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Malar J. 2011 Aug 26;10:252. doi: 10.1186/1475-2875-10-252.

Rapid whole genome optical mapping of Plasmodium falciparum.

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Walter Reed Army Institute of Research, Division of Malaria Vaccine Development, Silver Spring, Maryland, USA.



Immune evasion and drug resistance in malaria have been linked to chromosomal recombination and gene copy number variation (CNV). These events are ideally studied using comparative genomic analyses; however in malaria these analyses are not as common or thorough as in other infectious diseases, partly due to the difficulty in sequencing and assembling complete genome drafts. Recently, whole genome optical mapping has gained wide use in support of genomic sequence assembly and comparison. Here, a rapid technique for producing whole genome optical maps of Plasmodium falciparum is described and the results of mapping four genomes are presented.


Four laboratory strains of P. falciparum were analysed using the Argus™ optical mapping system to produce ordered restriction fragment maps of all 14 chromosomes in each genome. Plasmodium falciparum DNA was isolated directly from blood culture, visualized using the Argus™ system and assembled in a manner analogous to next generation sequence assembly into maps (AssemblyViewer™, OpGen Inc.®). Full coverage maps were generated for P. falciparum strains 3D7, FVO, D6 and C235. A reference P. falciparum in silico map was created by the digestion of the genomic sequence of P. falciparum with the restriction enzyme AflII, for comparisons to genomic optical maps. Maps were then compared using the MapSolver™ software.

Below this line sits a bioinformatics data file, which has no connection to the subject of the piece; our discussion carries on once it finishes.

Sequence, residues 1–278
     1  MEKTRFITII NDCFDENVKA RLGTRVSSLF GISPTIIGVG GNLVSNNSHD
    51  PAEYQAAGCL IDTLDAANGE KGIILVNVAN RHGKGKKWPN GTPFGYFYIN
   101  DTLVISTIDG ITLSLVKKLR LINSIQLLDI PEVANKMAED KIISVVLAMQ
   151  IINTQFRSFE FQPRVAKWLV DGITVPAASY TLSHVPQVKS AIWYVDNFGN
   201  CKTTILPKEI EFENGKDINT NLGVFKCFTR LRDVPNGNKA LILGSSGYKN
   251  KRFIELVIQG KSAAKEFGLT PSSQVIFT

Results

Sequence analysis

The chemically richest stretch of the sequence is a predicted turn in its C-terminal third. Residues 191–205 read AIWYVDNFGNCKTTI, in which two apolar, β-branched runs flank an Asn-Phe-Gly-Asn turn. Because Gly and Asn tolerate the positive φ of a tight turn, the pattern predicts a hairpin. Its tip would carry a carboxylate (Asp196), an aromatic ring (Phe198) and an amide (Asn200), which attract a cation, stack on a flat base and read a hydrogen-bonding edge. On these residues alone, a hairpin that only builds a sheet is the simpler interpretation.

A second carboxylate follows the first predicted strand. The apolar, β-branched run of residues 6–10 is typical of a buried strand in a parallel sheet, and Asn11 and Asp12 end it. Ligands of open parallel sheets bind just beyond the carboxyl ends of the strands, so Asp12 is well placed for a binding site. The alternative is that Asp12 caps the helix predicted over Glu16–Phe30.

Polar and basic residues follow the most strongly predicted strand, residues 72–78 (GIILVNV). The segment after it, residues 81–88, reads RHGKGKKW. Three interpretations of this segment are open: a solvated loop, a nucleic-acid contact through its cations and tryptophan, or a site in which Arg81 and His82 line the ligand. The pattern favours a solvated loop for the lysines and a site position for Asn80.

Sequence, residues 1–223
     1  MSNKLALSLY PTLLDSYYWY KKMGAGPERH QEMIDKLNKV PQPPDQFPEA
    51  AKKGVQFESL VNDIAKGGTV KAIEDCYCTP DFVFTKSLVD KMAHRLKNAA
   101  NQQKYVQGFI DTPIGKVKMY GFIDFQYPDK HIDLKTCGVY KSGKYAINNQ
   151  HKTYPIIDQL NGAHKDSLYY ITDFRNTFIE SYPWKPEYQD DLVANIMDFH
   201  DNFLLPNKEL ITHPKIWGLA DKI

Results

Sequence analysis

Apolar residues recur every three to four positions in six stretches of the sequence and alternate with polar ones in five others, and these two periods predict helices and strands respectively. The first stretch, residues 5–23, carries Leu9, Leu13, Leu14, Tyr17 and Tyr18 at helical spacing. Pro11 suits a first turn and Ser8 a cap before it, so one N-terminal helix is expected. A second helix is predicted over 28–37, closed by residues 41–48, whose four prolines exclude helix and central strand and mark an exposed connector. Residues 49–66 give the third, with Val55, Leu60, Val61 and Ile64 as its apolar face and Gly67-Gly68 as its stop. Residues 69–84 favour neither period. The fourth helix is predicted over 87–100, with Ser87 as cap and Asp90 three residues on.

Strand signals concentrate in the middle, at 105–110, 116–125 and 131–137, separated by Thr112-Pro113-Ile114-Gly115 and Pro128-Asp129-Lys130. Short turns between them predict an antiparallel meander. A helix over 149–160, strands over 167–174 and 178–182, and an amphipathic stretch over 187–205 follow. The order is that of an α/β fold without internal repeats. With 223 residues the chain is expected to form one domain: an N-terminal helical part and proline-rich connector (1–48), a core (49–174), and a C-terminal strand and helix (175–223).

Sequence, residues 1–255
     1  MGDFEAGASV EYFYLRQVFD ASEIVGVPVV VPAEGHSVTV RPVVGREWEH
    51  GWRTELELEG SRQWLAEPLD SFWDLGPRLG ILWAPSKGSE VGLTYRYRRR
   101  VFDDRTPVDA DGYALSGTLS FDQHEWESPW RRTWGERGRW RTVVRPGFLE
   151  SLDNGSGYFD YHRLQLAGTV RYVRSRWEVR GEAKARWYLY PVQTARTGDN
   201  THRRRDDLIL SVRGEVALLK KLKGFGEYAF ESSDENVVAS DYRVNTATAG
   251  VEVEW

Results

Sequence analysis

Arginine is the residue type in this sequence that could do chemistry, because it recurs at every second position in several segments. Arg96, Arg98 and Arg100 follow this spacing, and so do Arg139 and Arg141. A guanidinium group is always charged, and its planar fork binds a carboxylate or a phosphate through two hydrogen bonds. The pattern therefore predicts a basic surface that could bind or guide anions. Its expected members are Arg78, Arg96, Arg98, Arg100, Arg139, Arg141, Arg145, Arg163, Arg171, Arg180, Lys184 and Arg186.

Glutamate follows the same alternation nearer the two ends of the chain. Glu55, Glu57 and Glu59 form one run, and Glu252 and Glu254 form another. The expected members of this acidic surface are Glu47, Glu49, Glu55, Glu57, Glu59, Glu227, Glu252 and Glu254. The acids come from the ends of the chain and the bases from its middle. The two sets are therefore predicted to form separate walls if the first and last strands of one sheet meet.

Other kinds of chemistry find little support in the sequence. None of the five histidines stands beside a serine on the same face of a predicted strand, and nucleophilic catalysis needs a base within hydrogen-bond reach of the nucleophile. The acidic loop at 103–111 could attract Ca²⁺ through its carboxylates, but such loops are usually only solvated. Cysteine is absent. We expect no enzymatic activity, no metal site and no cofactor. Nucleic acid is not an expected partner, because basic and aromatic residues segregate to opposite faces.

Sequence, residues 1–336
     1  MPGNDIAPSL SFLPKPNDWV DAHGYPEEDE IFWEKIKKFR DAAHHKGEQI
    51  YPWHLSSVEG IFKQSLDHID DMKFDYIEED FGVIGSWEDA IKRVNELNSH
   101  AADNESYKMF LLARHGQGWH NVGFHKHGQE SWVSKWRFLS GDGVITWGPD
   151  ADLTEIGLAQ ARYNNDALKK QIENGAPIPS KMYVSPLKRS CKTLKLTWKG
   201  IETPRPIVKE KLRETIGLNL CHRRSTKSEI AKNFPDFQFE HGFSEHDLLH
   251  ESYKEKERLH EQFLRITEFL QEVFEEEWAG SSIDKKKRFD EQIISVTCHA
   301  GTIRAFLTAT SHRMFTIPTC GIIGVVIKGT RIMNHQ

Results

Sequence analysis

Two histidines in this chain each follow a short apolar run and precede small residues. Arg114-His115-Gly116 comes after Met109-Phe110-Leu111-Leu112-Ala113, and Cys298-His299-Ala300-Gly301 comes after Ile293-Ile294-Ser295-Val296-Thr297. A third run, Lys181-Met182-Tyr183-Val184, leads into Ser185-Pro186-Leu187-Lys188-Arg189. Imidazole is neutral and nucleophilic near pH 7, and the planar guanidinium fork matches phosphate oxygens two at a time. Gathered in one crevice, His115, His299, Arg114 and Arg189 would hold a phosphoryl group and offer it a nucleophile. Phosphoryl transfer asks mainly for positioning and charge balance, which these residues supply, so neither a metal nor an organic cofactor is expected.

Genomic variation was observed among the mapped strains, as well as between the map of the reference strain and the map derived from the putative sequence of that same strain. Duplications, deletions, insertions, inversions and misassemblies of sizes ranging from 3,500 base pairs up to 78,000 base pairs were observed. Many genomic events occurred in areas of known repetitive sequence or high copy number genes, including var gene clusters and rifin complexes.


This technique for optical mapping of multiple malaria genomes allows for whole genome comparison of multiple strains and can assist in identifying genetic variation and sequence contig assembly. New protocols and technology allowed us to produce high quality contigs spanning four P. falciparum genomes in six weeks for less than $1,000.00 per genome. This relatively low cost and quick turnaround makes the technique valuable compared to other genomic sequencing technologies for studying genetic variation in malaria.

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